As any weight-loss physician will tell you, many diseases and health conditions are connected to being overweight. Being overweight not only increases your chances of cardiovascular disease or diabetes but may also increase the risk of certain forms of cancers. According to a study by the International Agency for Research on Cancer, there is strong evidence that links excessive body fat and increased risk of 11 cancers. These 11 cancers include colon, rectum, endometrium, breast, ovary, kidney, pancreas, gastric cardia, biliary tract system, and a few cancers of the esophagus and bone marrow.
The researchers examined evidence from 204 previously published studies that looked at combined results from many pieces of research, pointing to the link between body fat and the development of certain cancers. 95 of the studies looked at weight on a continuous scale, such as body mass index. After analyzing these studies, 8 forms of cancer seemed to be associated to obesity. Other studies that looked at different measures of obesity were included in the analysis. Once those studies were analyzed, the total number of cancers that presented evidence of a link to body fat came to 11.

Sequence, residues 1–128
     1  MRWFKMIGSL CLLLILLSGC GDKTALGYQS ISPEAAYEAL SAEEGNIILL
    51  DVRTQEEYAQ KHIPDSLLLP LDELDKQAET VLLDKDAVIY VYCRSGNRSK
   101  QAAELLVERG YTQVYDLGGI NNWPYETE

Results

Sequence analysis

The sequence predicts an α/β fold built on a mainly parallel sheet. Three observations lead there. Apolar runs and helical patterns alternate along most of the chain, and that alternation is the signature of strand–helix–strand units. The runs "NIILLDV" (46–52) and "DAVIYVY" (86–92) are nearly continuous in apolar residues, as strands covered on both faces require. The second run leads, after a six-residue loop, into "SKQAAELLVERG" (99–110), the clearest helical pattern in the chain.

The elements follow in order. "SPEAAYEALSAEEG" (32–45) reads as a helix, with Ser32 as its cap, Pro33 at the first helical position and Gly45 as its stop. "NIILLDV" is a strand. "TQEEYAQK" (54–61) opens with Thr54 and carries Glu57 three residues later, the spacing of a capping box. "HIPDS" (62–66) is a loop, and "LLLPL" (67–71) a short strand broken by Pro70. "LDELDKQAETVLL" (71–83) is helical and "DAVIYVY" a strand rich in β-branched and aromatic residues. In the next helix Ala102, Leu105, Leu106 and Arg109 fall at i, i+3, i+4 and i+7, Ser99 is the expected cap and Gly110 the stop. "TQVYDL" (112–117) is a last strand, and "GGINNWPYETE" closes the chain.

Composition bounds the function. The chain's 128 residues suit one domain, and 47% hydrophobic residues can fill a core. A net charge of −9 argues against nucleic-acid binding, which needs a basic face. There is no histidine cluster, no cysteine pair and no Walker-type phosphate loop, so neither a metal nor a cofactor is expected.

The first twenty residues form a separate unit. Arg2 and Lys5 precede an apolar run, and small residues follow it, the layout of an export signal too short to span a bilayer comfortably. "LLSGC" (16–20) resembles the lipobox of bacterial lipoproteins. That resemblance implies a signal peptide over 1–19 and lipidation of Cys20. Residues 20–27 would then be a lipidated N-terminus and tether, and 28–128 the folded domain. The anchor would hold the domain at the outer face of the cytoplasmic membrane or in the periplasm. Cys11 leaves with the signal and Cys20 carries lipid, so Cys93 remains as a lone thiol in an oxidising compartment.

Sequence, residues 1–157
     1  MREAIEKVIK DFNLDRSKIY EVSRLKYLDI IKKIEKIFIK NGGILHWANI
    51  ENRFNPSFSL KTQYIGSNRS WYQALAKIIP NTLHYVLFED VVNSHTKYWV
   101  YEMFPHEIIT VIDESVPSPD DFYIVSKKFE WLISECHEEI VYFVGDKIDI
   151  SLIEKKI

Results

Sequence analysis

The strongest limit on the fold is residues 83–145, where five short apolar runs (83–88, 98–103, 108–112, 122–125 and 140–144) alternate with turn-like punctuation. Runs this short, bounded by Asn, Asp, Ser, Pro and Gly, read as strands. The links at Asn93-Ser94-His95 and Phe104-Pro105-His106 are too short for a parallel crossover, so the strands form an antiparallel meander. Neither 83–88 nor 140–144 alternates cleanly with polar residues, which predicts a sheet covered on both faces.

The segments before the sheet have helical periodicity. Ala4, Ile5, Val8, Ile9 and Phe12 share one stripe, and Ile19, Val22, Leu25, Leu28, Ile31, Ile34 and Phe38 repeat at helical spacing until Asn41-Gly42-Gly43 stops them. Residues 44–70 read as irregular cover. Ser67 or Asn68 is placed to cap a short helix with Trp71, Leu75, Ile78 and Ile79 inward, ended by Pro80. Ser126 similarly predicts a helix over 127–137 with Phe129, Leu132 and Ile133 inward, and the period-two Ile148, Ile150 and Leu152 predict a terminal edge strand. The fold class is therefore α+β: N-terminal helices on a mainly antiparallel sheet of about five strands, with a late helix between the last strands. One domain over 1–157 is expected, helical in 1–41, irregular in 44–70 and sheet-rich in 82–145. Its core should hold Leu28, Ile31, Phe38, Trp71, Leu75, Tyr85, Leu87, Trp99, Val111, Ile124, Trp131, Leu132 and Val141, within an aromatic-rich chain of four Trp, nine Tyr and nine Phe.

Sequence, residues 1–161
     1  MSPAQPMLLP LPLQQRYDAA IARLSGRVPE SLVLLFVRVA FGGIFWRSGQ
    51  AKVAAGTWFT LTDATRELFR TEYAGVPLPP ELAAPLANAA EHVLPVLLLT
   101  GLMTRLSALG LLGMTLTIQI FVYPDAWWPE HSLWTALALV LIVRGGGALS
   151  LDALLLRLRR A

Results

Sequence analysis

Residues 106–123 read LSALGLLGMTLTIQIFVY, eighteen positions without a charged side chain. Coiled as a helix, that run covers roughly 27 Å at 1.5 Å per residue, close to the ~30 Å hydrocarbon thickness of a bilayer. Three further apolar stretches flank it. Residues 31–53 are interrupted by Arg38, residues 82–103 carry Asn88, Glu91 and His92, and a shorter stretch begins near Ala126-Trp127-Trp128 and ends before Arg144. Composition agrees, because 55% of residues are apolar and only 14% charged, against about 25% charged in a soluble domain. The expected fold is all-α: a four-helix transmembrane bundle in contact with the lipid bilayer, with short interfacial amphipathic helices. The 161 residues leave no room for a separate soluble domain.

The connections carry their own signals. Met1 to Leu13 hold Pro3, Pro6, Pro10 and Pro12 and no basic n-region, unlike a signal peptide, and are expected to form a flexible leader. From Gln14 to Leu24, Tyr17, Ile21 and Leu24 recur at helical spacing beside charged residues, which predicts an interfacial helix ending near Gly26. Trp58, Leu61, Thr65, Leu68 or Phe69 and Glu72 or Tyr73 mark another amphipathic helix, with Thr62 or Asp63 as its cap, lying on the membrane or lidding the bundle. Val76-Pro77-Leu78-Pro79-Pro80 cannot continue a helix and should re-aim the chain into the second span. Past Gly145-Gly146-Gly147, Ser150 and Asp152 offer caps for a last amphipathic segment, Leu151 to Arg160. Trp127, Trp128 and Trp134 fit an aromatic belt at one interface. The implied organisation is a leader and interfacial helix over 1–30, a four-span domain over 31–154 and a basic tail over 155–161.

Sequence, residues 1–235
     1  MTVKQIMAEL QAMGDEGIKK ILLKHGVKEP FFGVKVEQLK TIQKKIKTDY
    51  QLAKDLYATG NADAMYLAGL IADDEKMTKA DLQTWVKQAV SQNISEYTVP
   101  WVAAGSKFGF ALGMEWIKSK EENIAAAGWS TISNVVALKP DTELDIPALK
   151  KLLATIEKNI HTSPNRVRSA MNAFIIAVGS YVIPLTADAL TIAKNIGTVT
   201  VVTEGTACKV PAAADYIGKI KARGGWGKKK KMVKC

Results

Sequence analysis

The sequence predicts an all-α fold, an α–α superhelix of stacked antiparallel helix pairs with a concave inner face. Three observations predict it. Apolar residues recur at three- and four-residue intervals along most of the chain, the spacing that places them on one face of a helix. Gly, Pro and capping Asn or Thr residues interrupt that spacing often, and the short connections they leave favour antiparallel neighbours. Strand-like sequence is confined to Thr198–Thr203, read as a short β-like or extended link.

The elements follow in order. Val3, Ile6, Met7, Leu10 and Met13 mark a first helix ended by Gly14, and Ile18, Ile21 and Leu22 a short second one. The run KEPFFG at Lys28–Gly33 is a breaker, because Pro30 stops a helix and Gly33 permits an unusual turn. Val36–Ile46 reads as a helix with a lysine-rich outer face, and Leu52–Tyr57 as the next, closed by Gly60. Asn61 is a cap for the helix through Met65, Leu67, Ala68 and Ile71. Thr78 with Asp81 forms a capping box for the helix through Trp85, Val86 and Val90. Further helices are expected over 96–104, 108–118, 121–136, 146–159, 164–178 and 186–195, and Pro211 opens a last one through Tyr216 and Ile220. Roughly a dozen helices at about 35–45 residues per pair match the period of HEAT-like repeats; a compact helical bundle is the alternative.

The study did not explain how excess body weight is linked to an increased risk of some cancers, but some explanation has been offered by one of the researchers. Researcher and co-author Marc Gunter explained, “We know that if you are overweight it causes lots of disruption of hormonal and metabolic pathways.” This is attributed to the fact that being overweight is also linked to higher insulin levels, higher estrogen levels, and an increase in inflammation overall. All of these factors impact cell division. Further, cancer rates tend to increase six times faster in women than men.
Dr. Alison Tedstone, chief nutritionist at Public Health England noted that awareness is key. She stated, “Less than half the population realizes that being obese increases the risk of cancer and, with almost two-thirds of adults carrying excess weight, this is worrying.” An increased number of people are expected to be overweight by 2035, with 700,000 new cases of obesity-related cancer expected in 20 years. Be sure to discuss any questions, concerns, or family history of cancer with your weight-loss physician.